COs, nurse recognized for caring for inmate in cardiac arrest
A Del. inmate who had served 40 years was resuscitated by Sussex Correctional Institution personnel and local EMTs
By Corrections1 Staff
GEORGETOWN, Del. — The Delaware Department of Correction (DOC) recognized Correctional Officers and medical professionals for saving the life of a Sussex Correctional Institution (SCI) inmate who experienced a sudden life-threatening cardiac arrest earlier this year.
“When their training and skills were needed in a life-threatening emergency situation correctional officers, correctional medical staff, and community emergency medical first responders jumped into action and worked together to give an incarcerated person a second chance at life," said Monroe B. Hudson Jr., Department of Correction Commissioner "Not only did he survive and recover, but he has now been released and has a new opportunity to live a productive life. That success is a credit to our dedicated team and it reflects our commitment to excellence.”
According to Delaware.gov, on August 14, 2022, a 62-year-old inmate was working in the SCI kitchen when he exhibited signs of medical distress. Correctional Sergeant Markie Lewis was assigned to the kitchen area and activated a medical alert. Lieutenant Greg Callaway, Lieutenant Rae Morgan and Sergeant Joe Mears immediately responded to the alert and together the officers attended to the inmate who was struggling to breathe.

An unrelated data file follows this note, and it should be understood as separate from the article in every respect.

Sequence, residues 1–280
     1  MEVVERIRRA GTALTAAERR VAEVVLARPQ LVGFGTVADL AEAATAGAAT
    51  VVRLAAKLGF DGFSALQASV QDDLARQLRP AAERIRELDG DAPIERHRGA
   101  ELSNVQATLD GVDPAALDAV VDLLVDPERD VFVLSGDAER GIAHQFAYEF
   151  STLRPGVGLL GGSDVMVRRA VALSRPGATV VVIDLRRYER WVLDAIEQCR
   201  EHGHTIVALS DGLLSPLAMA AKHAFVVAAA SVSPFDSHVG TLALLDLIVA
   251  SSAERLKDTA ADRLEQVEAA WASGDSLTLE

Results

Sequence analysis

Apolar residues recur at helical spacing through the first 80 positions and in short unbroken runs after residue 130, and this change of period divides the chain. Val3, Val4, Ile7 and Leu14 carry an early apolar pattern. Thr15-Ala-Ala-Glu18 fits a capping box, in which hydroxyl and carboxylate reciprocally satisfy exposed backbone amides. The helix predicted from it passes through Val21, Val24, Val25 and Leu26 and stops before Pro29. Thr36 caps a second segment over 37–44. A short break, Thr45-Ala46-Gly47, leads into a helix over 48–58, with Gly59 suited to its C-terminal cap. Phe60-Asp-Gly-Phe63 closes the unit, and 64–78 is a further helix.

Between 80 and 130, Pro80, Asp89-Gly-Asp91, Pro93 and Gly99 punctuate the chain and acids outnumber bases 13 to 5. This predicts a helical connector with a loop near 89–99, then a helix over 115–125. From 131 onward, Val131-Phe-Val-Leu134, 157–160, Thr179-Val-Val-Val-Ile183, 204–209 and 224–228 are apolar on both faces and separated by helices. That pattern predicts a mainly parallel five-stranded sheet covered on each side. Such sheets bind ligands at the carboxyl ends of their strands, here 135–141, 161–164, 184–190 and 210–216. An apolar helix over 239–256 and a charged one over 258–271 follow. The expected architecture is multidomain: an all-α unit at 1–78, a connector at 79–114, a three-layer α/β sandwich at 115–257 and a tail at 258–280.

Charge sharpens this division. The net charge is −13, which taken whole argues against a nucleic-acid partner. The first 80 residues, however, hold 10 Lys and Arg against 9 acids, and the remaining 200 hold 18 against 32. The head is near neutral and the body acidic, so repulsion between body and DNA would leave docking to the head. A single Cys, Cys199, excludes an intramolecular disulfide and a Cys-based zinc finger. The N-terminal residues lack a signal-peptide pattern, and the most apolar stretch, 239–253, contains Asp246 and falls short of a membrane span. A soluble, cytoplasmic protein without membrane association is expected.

Registered nurse Kathy Moore from the SCI medical team quickly joined the response and initiated CPR.
Additional Officers and facility medical staff arrived and performed CPR in rotating shifts until Georgetown EMS EMTs Michael Petusky and Michael Moore arrived and continued lifesaving measures. A pulse was restored and the inmate was able to breathe on his own as he was transported from the prison to an area hospital.
The inmate received specialized in-patient medical care and fully recovered. At the time of the cardiac arrest the inmate had served 40 years in prison. He has since completed his prison sentence and has been transferred to a DOC community corrections facility where he is receiving reentry services as he prepares to return to the community.
“I am extremely proud of our Officers and staff for not only being heroes and saving someone’s life that day but also for putting themselves in a position to provide that level of service every day," Chief Shane Troxler, DOC Bureau of Prisons, said. "I know how hard it can be to keep that edge in a correctional environment that is built around predictability and routine and I find it encouraging and uplifting that you have continued to do your job and perform your duties at the highest level day in and day out.”
All correctional officers receive CPR training as part of their initial academy training and receive refresher training through the DOC Training Academy. All Delaware prison facilities are staffed 24 hours a day by contracted medical staff who provide a wide range of medical services to the incarcerated population and operate prison infirmaries.